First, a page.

Inspiring Future Women in Science

Be reactive and jump at opportunities!

2020-03-05

The seminar Inspiring Future Women in Science was held on March 5th, just in time for the International Women's Day.

Inspiring Future Women in Science Photo: Young Academy of Sweden
Inspiring Future Women in Science Photo: Young Academy of Sweden
Inspiring Future Women in Science Photo: Young Academy of Sweden

1. H.E. David Cvach, French Ambassador. 2. Anna Wetterbom CEO, Young Academy of Sweden. 3. Professor Christine Petit, College de France. Click to enlarge. Photo: Young Academy of Sweden

The room at the French Residence in Stockholm is full with young women researchers. The Young Academy's former chair Maria Tenje recalls a recent anecdote:

– A man who was late for a meeting the other day was kindly invited to the table by the Chair, while a women who also arrived late, was not. When I invited her over to the table she said “please no that is not necessary”, I recognized the pattern. A seat at the table is important. You should ask for to be Chair, Maria Tenje advices the audience.

The Young Academy of Sweden was pleased to participate in the seminar that was arranged by Institut Francais en Suède and Embassy of France in Sweden. The purpose of the seminar was to empower and inspire young women researchers to stay in academia and pursue a career in research. Role models were offered sharing personal stories, career advice and experiences of becoming successful researchers. Moreover, an opportunity to network followed.

French Ambassador H.E. David Cvach, kindly welcomed the seminar to the French Residence in Stockholm and talked about initiatives for gender equality in France. Amongst other things, he mentioned lists that are compiled and published which benchmark the best, and worst, companies according to a range of specific gender equality and diversity criteria.

Christine Petit (Professor at College de France, Professor at Institut Pasteur, Director of Institut de l’audition, Kavli Prize Laureate 2018, L’Oréal-UNESCO For Women in Science Laureate – Europe 2004) presented her research career path and highlighted advice for the participants.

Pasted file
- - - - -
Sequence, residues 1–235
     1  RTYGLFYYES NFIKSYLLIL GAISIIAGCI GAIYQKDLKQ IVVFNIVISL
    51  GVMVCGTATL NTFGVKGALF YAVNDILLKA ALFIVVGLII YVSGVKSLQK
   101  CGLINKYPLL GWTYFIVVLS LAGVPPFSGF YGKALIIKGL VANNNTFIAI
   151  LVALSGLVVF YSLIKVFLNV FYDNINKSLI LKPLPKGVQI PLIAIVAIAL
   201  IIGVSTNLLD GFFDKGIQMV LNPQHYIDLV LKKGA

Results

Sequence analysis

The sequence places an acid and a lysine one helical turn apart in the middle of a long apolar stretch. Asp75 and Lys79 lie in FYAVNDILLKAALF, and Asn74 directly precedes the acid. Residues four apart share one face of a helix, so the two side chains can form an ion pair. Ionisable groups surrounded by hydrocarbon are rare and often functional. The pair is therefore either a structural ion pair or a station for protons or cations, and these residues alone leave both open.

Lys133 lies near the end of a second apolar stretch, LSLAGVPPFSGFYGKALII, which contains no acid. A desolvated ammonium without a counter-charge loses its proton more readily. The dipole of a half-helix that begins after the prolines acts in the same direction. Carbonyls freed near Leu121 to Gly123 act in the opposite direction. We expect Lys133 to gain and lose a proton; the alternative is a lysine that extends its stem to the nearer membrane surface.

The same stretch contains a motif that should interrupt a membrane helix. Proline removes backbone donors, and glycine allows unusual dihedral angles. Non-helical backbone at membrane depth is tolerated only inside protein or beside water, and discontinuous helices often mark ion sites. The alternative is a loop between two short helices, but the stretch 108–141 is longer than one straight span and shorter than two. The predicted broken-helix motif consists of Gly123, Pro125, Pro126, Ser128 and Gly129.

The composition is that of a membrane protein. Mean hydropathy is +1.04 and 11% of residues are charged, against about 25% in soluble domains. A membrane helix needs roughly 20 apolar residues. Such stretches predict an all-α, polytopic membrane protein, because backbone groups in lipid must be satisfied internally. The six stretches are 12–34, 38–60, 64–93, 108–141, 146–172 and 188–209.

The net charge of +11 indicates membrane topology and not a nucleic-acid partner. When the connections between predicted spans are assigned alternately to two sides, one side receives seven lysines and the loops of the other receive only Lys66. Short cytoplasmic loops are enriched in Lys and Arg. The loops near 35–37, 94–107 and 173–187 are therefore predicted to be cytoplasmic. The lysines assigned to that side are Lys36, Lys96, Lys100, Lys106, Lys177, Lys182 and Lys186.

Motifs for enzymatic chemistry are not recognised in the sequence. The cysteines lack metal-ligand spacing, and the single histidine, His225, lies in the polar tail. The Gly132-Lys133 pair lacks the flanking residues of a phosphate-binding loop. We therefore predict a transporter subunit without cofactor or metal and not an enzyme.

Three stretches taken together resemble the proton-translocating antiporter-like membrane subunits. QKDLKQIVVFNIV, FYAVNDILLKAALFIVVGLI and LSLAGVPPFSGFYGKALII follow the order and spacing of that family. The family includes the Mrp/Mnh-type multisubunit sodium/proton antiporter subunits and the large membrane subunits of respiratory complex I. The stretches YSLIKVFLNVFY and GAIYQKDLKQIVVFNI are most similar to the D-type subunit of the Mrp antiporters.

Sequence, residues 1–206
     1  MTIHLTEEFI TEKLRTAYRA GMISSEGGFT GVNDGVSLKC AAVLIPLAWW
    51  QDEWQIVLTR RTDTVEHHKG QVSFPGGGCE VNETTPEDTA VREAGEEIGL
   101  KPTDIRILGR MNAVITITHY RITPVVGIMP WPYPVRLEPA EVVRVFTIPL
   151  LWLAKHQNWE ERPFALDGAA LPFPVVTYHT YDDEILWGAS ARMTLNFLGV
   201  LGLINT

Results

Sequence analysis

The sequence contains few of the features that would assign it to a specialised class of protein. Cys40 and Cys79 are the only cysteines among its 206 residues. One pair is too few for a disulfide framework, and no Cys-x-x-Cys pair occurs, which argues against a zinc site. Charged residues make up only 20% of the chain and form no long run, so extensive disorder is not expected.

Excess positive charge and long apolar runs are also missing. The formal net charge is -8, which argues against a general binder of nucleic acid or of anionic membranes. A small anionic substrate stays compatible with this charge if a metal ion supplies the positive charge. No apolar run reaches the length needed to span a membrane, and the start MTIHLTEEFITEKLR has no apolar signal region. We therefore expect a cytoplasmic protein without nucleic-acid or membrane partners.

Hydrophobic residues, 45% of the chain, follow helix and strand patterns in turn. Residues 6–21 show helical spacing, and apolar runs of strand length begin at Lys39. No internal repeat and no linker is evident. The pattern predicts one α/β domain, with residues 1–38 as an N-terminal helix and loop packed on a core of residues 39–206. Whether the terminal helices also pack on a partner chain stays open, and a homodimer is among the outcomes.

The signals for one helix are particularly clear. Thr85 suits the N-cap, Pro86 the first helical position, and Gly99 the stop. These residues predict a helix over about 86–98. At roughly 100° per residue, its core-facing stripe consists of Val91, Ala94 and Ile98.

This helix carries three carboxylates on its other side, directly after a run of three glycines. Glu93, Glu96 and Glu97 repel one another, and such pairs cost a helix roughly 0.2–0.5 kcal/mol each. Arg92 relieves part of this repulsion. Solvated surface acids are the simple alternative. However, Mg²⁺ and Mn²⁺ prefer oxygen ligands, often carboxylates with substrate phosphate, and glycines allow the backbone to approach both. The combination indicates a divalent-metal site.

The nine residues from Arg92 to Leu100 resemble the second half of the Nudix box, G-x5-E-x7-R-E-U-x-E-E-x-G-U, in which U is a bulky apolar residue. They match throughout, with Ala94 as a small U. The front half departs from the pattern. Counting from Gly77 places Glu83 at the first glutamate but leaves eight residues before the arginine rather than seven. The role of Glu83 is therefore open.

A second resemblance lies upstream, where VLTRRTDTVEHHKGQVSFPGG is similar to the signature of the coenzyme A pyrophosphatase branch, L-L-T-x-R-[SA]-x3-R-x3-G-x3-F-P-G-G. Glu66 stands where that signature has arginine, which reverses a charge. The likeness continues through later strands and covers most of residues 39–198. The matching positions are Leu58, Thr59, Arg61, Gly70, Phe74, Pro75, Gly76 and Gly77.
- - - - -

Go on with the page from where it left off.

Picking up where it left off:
– You should seize opportunities, Christine Petit emphasized, be reactive! And pursue your own ideas.

Christine Petit did not want to describe herself as being a career strategist, but rather a dedicated scientist. The fact that she has been courageous and fought for her ideas she considered as important success factors.

Inspiring Future Women in Science Photo: Young Academy of Sweden
Inspiring Future Women in Science Photo: Young Academy of Sweden
Inspiring Future Women in Science Photo: Young Academy of Sweden
Inspiring Future Women in Science Photo: Young Academy of Sweden
Inspiring Future Women in Science Photo: Young Academy of Sweden
Inspiring Future Women in Science Photo: Young Academy of Sweden

For the panel conversation two young academy alumnae joined Christine Petit: Beatrice Crona (Executive Director at The Global Economic Dynamics and the Biosphere Programme (GEDB) at the Royal Swedish Academy of Sciences, Associate Professor and Deputy Science Director at the Stockholm Resilience Centre, Stockholm University), and Maria Tenje (Professor in Microsystems Technology at Uppsala University, former Young Academy of Sweden Chair, and L’Oréal UNESCO For Women in Science awardee in Denmark 2009). Anna Wetterbom, CEO for the Young Academy of Sweden moderated the panel and took the opportunity to promote the upcoming call for application to The L'Oréal-Unesco For Women in Science Prize Sweden on June 1st: The L'Oréal-Unesco For Women in Science Prize Sweden.

Inspiring Future Women in Science Photo: Young Academy of Sweden
Inspiring Future Women in Science Photo: Young Academy of Sweden
Inspiring Future Women in Science Photo: Young Academy of Sweden

Beatrice Crona reminded the seminar not to always generalize career advice, different aspects may apply to different disciplines. She explained that even though having spent most of her career at one university, a fluid and international research field provided lots of input and challenges. Maria Tenje said it had been crucial for her to be in an environment where she felt support. At a 'rough patch' in her career that was not the case. But rather than give up or blame herself, she managed to define the issues and decided to move to an environment which suited her better.

After the seminar an opportunity to mingle followed, an energetic exchange that also had room for coffee, croissants and laughter.

Sveriges unga akademi
c/o Kungl. Vetenskapsakademien
Box 50005
SE 104 05 Stockholm

+ 46 (0)8 673 95 00
info@sverigesungaakademi.se

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